I'm a crockpot guy too Levi, for sure. Need to have your turkey chili recipe on the SZ!

Thanks, S.

+4 Good Comment? | | Report
from Steve Hickoff wrote 4 years 5 weeks ago

Hey charlie,

Your granddaughter gives me hope! I think we're on the frontlines man. How many times have you had to respond to some knucklehead who asked: "Is wild turkey gamey?" I get this every now and again. For some reason some non-hunters have this notion in their heads that wild game tastes bad . . . crazy unfounded idea perpetuated by people who simply don't know. Really, at times I really wonder at the origin of that flawed idea. The poor woman in my anecdote remains a somewhat amusing and yes scary puzzle. So far removed from reality . . .

+4 Good Comment? | | Report
from seadog wrote 4 years 6 weeks ago

What? You mean meat isn't made in a factory? LMAO That picture from the newspaper cracked me up--I just sent it to all the usual suspects on my e-mail list.

+3 Good Comment? | | Report
from HawkEye wrote 4 years 6 weeks ago

I've meet a couple ppl like that. I love the look on their face when you tell them what they are eating. Makes you wonder how ignorant some ppl really are.

+3 Good Comment? | | Report
from charlie elk wrote 4 years 6 weeks ago

Is that story about people not knowing where the meat comes for real? I mean you have to be pulling my leg, right?
Oh please tell me it is just a joke.
later,
charlie

+3 Good Comment? | | Report
from Steve Hickoff wrote 4 years 6 weeks ago

Hey guys. Thanks for checking in with the comments. Double thanks for sharing the Ohio DNR turkey recipe and link charlie. I've spent some time on that site location myself(they do a great job promoting the turkey hunting tradition in the Buckeye State, including the tasty part). Amazingly, both my lead anecdote and the inset pic are for real. Further evidence we all need to stick together! -S.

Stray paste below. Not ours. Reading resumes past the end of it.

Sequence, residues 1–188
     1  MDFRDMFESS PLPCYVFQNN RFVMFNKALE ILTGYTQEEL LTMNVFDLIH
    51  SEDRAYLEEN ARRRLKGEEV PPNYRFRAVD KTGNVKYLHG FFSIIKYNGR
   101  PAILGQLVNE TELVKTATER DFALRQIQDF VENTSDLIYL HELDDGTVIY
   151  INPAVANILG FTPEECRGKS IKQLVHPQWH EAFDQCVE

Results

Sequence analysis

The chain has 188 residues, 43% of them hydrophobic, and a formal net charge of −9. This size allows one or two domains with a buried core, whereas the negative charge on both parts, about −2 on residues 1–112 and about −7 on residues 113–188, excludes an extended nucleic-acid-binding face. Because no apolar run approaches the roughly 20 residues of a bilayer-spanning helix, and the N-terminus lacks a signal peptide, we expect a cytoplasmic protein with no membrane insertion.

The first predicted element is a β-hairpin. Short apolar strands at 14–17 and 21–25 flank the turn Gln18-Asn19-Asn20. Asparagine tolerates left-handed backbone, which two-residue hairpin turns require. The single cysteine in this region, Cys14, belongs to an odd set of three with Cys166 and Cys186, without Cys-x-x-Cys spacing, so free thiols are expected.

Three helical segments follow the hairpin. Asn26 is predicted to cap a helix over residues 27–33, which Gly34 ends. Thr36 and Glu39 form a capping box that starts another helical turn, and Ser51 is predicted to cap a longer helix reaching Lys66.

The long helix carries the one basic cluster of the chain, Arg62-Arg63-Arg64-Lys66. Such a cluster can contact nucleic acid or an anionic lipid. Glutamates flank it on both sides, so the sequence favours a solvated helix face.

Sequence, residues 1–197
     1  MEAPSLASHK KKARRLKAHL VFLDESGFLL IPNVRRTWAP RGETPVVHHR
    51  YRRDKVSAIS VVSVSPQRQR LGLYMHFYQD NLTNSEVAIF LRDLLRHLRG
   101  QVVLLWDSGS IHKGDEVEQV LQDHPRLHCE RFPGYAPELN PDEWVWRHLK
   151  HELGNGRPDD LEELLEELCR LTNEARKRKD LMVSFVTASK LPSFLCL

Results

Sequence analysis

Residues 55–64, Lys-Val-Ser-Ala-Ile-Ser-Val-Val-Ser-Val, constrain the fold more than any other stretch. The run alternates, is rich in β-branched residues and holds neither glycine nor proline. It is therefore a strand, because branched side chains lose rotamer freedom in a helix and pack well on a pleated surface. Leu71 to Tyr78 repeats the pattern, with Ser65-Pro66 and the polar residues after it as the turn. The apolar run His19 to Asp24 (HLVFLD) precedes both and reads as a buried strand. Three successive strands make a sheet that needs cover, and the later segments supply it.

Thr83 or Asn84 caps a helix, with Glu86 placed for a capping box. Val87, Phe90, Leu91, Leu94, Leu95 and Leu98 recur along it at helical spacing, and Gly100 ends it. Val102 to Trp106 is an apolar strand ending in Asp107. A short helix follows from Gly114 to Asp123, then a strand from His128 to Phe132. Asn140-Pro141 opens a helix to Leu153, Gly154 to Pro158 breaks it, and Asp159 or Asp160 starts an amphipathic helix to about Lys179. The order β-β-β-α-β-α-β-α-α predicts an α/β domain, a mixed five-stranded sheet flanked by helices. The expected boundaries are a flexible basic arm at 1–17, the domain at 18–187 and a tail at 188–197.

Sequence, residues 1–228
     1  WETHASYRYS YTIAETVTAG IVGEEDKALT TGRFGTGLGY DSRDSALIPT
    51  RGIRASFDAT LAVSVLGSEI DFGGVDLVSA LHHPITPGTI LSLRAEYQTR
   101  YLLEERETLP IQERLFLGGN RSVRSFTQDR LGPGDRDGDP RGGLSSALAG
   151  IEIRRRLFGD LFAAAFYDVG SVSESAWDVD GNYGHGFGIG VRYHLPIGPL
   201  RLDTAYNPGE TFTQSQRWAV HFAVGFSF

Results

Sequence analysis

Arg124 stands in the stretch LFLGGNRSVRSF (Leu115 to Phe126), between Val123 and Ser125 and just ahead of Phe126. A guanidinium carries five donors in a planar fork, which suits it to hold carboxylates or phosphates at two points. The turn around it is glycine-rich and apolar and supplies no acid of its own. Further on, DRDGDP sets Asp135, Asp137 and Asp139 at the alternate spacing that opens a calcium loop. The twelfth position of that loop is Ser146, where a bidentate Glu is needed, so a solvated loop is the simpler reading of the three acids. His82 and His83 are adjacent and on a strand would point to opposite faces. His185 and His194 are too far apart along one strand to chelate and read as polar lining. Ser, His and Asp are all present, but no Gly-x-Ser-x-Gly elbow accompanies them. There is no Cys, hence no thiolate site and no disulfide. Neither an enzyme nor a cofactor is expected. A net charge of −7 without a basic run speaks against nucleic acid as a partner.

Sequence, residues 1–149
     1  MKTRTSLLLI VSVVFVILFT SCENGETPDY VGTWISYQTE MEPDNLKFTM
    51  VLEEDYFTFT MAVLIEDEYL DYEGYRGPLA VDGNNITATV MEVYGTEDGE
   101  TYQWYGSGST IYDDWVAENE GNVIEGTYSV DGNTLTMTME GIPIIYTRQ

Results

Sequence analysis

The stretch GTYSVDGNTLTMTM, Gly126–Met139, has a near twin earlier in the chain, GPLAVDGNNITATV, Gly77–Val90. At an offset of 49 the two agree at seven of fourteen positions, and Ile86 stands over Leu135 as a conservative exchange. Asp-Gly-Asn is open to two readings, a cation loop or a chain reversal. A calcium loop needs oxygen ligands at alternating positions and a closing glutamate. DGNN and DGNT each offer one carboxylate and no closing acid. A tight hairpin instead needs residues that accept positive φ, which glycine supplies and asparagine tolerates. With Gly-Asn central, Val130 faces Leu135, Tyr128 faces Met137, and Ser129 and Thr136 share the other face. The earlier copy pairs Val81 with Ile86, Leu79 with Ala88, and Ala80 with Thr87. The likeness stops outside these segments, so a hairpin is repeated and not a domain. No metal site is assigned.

+3 Good Comment? | | Report
from Levi Banks wrote 4 years 6 weeks ago

I just made a white turkey chili this past week while camping with the family. Cooking in a Dutch oven over an open fire makes a lot of things tasty, but I think this would have been just as delicious at home. Charlie, that recipe sounds pretty good, I may have to try that.
I do about the same as you with the legs and thighs, Steve, except I use the crock pot.

+3 Good Comment? | | Report
from charlie elk wrote 4 years 6 weeks ago

Now the left coast for some strange reason doesn't surprise me as much.
Glad to know you are a balanced journalist.
Oops maybe I shouldn't have referred to you as a journalist; if you are insulted by that please accept my humbly offered apology.;-)
later,
charlie

+3 Good Comment? | | Report
from Ishi wrote 4 years 6 weeks ago

Charlie,

You are spot on with the East Coast comment. I have worked in the East and have found a surprising lack of understanding towards not only hunting but farming as well. I can't blame them though. They live 95% of their lives on concrete.

+3 Good Comment? | | Report
from Levi Banks wrote 4 years 6 weeks ago

I don't measure much so I'll do the best I can.
Chop 1 medium onion, 1 bell pepper (I used red), 1 jalapeno (I seeded it because my 2 year old daughter was going to eat it), and 2-3 cloves of garlic.
Saute all of this for a few minutes until they soften a bit, then add 1 pound ground turkey and brown.
When the turkey is cooked through add 1 tsp. cumin, 1/2 tsp. chili powder, some red chili flakes and cook for another minute
Then add 2 cans of cannellini beans, 1 can of corn, and some chicken stock or other liquid (thought beer would be good, but again with the daughter) to make it the desired consistency, add salt and pepper to taste, bring to a boil and simmer until you can't wait any longer, this was about 20 minutes over the campfire before we dug in.